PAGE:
Baptism is an ancient symbol of cleansing and initiation. Our Lord Jesus Christ was Himself baptised by John the Baptist in the River Jordan at the start of His ministry.  Our Lord instituted Baptism as a sacrament and sign of Church membership and commanded us to continue the practice.

Children are brought to baptism in response to God’s all embracing love; although not yet old enough to make the promises themselves, God wants them included as members of Christ’s body the Church. In due time, they should make their own commitment through Confirmation.

When people are baptised they become members of the Body of Christ, the Christian Church and they receive the Holy Spirit as our Lord did in His baptism.  The naming ceremony within the Baptismal service is the “Christening'”part of the service.  This is the time when we formally are given our Christian names.  Baptism with water symbolises the cleansing of sin that Jesus’ death and resurrection made possible, the sustaining power that Jesus offers us in this life and the new life with God that is the Christian hope.

The Baptism service involves a thanksgiving for the gift of a child, the naming, a statement of faith – made by godparents for those too young to make it themselves – and the baptism.

Baptism Application Form


It is required that the parents meet with the Rector.  At or following that meeting agreement for the baptism can be made.  Topics covered in the information evening include:

  • What is Baptism?
  • Choosing godparents
  • Responsibilities of godparents and parents (sponsors)
  • What to wear for Baptism
  • The statements of faith required by sponsors
  • Raising a child in the life and faith of the Christian community

Parents and godparents from other Christian traditions may bring or sponsor children for baptism as Anglicans at St. John’s, but this should be discussed with the Rector.


Baptisms normally occur during the regular 9:30AM Family Service on Sundays at St. John’s.

Private family baptisms may be arranged in special circumstances.   The Rector is happy to listen to your particular family needs and requests.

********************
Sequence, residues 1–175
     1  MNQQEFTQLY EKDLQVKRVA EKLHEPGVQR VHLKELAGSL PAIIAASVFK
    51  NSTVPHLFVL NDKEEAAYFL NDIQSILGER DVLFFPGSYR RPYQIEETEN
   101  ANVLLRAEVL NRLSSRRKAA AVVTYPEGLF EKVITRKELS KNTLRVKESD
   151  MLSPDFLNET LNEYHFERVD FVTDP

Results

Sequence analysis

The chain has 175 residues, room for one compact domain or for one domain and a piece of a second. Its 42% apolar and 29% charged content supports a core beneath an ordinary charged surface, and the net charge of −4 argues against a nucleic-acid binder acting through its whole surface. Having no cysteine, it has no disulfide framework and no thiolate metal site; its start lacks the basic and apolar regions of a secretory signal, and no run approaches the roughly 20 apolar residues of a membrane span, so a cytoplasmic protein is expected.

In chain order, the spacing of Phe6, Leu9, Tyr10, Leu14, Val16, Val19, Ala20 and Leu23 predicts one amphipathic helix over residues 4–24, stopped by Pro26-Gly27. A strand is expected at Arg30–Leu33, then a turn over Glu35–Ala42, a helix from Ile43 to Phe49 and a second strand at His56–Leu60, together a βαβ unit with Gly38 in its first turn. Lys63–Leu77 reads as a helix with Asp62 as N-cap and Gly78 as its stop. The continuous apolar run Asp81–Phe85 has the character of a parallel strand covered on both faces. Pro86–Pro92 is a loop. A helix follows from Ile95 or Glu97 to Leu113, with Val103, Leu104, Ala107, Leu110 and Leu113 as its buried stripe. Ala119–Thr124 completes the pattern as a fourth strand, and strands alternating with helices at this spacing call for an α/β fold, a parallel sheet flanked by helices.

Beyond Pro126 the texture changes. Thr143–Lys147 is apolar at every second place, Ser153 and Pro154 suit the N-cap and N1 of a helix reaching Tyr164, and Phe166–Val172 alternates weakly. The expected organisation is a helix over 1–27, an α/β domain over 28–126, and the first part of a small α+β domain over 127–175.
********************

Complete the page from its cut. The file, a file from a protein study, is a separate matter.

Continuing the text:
Under certain circumstances it is possible to have another Anglican priest conduct the baptism at St. John’s.  This needs to be discussed with the Rector to determine if it is possible.  To avoid embarrassment, this discussion should occur before the other priest is invited to take the service.

It may be possible for families to be prepared for Baptism by clergy in other locations prior to baptism at St. John’s.  This situation needs to be discussed with the Rector.

The Dove symbolises God the Holy Spirit who brings, Light, Life and Peace. The Holy Spirit’s presence is symbolised by wind and fire – and these intertwining elements are quilted to incorporate the lighted candle.

A lighted candle is presented to each Godparent at the Baptism.

The lighted candle symbolises the “passing from death into life” and is undergirded by the prayers of the congregation that the newly baptised may shine as a “light” in this world.

The font is a replica of the ceramic portable font, which holds the water consecrated for public baptism.  The surrounding quilting symbolises the mystical property of the washing away of sins, and the resurrection power of walking in newness of life.

It was customary for prophets, priests and kings to be anointed with oil.  At Baptism the Sign of the Cross is made upon the forehead with oil, symbolising that God’s favour has been bestowed, and praying that he/she will continue faithful to Christ until life’s end.


Adult baptisms are also conducted at St. John’s. They can be in conjunction with the baptism of a child of the same family (a surprising number of parents were not brought by their parents for baptism as infants), or in a separate service.